Exodus 32-33:

The Golden Calf Incident:
Moses was delayed on the mountain. Jesus delayed in His 2nd Coming? So, the people gathered around Aaron and said, “Come, make us a god who will be our leader.” Getting the Egyptian idolatry out of the Israelites after 400 years in the pagan culture would take more time and effort, for the Israelites quickly revert to worshiping a calf deity. Aaron fashions a golden calf for them. Then, they cried out “This is your God, O Israel, who brought you out of the land of Egypt.” Aaron built an altar for the calf saying “tomorrow is a feast of the Lord.” The people then offered holocausts and brought peace offerings. In mockery and antithetical imitation of the Theophany of the Covenant, “Then they sat down to eat and drink, and rose up to revel.” (Ex. 32:6) In ratifying the Covenant “they ate and drank and beheld God,” but now, in this demonic mockery, they ate and drank and “rose up to revel.” Rose up to revel is probably a Semitic euphemism for sexual immorality and pagan ritualistic orgies. God immediately informs Moses to go down to the people “for they have become depraved.” Is this how the current culture is descending into depravity before the return of the Lord? God then wished to let His wrath blaze up and consume them. However, Moses acting as intercessor and mediator for his people saying “Let your blazing wrath die down; relent in punishing your people.” (Ex. 32:12) Moses is the prefigurement of Jesus as Mediator of the Covenant and intercessor for his people before the Father, just as Jesus, the One true Mediator, would assume that role. “So the Lord relented in the punishment He had threatened to inflict on His people.” God heeded the intercession of Moses. When Moses and Joshua came down the mountain, they heard “cries of revelry.” As they drew near to the camp, they saw “the calf and the dancing.” With that, Moses angered flared up and he threw down the 10 Commandments, breaking them. Moses then threw the calf in the fire and ground it down to powder. He then scattered the powder into the water and “made the Israelites drink.” Moses then instructed the Levites to kill the idolaters. “Now go up and down the camp, from gate to gate, and slay your kinsmen, your friends and neighbors! The Levites carried out the command of Moses, and that day there fell about three thousand of the people.” (Ex. 32:27-28) Here, on Mt. Sinai, 3,000 people fell in the Old Covenant, but then, at Pentecost of the New Covenant, Acts says 3,000 were saved on the first day. 3,000 died under the Law, but then, 3,000 saved by grace and faith and the Spirit in the New. Moses told them you have committed a “grave sin.” “Perhaps I may be able to make atonement for your sin.” Moses continues his role as Mediator and priest to make atonement for the people. Moses asks the Lord “If you would only forgive their sin!” The Lord answers “Him only who has sinned against me will I strike out of My book,” that is, the Book of life where God writes down the names of those saved.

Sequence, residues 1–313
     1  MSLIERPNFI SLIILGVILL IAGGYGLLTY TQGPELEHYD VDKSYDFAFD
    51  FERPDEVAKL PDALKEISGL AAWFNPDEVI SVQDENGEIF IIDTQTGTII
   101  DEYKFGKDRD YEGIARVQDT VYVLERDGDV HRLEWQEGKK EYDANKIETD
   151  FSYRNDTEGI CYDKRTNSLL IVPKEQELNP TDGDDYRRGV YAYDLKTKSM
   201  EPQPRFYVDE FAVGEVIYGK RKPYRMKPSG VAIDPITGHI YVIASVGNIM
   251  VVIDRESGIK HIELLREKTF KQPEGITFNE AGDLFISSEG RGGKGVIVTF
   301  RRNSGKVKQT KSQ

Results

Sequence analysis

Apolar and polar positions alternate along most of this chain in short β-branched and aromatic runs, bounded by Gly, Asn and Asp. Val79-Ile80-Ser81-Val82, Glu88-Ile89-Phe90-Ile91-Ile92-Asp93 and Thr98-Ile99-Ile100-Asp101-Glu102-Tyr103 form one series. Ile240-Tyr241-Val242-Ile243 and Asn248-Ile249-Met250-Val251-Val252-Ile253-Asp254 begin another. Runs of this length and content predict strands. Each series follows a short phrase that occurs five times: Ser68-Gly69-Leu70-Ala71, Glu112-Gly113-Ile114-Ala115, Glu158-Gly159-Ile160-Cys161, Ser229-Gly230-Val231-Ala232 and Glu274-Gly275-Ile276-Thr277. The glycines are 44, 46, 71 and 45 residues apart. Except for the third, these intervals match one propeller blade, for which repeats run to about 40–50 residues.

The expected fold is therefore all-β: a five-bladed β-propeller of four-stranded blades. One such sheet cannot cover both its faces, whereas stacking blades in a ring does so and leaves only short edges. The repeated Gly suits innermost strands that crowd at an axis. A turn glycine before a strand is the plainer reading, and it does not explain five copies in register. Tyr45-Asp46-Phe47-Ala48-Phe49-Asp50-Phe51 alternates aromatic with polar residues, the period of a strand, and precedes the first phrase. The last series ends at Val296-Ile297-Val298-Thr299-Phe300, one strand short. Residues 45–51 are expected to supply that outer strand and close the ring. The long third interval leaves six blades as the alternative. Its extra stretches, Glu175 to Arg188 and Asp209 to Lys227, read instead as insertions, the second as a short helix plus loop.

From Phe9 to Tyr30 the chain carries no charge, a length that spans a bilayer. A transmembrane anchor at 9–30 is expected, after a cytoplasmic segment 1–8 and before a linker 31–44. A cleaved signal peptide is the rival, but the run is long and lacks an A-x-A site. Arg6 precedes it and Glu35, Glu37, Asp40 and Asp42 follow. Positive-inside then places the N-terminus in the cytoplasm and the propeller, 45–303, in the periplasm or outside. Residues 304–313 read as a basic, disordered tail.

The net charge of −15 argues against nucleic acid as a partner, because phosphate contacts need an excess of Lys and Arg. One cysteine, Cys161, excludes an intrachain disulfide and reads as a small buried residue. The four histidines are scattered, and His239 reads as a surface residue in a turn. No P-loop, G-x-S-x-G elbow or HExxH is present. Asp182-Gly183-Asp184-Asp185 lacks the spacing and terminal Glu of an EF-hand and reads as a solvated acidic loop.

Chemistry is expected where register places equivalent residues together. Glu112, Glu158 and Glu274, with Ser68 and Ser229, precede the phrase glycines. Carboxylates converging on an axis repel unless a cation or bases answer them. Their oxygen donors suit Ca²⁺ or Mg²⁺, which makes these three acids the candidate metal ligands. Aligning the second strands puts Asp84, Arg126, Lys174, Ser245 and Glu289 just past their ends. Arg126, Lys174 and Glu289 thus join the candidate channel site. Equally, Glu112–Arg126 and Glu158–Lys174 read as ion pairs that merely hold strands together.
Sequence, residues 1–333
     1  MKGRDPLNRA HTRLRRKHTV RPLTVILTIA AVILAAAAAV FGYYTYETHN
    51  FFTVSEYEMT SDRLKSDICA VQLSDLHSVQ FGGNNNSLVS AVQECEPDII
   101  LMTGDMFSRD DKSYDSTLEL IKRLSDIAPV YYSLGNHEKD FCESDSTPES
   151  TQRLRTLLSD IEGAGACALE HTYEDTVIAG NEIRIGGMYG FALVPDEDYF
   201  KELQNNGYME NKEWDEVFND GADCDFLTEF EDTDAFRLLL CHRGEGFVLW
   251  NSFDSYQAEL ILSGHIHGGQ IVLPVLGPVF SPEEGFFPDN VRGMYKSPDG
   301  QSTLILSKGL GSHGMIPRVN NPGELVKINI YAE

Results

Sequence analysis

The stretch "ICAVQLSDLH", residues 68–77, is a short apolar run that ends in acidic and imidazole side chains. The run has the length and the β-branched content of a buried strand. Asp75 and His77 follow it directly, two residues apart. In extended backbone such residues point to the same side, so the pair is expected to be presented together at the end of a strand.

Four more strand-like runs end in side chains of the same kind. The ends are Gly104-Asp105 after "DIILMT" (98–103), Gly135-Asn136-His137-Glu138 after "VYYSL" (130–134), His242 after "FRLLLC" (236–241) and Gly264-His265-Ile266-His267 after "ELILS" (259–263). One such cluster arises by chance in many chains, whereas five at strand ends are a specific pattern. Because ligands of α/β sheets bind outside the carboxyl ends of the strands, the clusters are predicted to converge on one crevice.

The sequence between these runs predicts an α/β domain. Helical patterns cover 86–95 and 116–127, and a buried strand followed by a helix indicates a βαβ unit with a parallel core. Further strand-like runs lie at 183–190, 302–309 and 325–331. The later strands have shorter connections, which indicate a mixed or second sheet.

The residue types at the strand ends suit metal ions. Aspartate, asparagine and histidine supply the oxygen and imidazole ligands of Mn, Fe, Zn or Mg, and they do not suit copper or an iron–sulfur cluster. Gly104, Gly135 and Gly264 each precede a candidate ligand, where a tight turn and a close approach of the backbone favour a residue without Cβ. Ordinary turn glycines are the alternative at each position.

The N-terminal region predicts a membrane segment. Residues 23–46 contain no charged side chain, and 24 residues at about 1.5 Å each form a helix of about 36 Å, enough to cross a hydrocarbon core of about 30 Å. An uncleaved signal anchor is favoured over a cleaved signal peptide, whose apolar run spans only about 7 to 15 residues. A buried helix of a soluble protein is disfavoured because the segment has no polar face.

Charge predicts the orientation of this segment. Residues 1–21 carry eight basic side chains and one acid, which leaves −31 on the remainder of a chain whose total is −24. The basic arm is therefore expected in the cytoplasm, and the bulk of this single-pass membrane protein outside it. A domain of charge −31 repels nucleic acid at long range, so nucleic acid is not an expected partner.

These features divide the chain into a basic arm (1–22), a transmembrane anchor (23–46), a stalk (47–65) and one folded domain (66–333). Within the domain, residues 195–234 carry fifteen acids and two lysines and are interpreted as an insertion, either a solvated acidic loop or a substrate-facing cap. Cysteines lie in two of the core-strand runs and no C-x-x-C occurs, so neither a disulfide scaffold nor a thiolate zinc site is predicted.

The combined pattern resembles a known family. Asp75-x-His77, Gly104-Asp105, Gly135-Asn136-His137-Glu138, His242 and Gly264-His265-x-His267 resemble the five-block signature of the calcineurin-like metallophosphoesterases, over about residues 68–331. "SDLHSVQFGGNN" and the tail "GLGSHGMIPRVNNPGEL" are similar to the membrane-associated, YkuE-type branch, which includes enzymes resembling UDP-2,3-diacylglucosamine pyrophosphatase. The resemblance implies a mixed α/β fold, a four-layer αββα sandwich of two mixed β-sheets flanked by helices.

The Lord Distances Himself from the Israelites but Remains Close to Moses:
The Lord then informs Moses that He Himself will no longer be accompanying the Israelites directly, as “You are a stiff-necked people. Were I to go up in your company even for a moment, I would exterminate you.” (Ex. 33:5) The glory of God would destroy the sinfulness of the people along with the people themselves. “When the people heard this bad news, they went into mourning..” Instead, the Lord will “send an angel before you to the land flowing with milk and honey.” Moses used to pitch the “meeting tent” some distance away “outside of camp.” As Moses would go in the tent, “the column of cloud would come down and stand at its entrance while the Lord spoke to Moses.” (Ex. 33:9) The Lord and Moses spoke “face to face.”

The Lord shows Moses the glory of His back:
Moses requests to see the Lord’s glory, but God tells Moses “My face you cannot see, for no man sees Me and still lives.” But, there is a place in the hollow of the rock that Moses can stand, where as the glory of God passes by, “I will cover you with My hand.” After God passes by, “I will remove My hand, so that you may see My back; but My face is not to be seen.” (Ex. 33:23) Approximately 1,500 years later, God would indeed show His glorified face to Moses. At Jesus’ Transfiguration on the mountain, Jesus speaks directly with Moses and Elijah: “And He was transfigured before them, and His face shone like the sun, and His garments became white as light. And behold, there appeared to them Moses and Eli′jah, talking with Him.” (Mt. 17:2-3) Moses finally sees the face of God in Jesus Christ, and he appears finally in the Promised Land.

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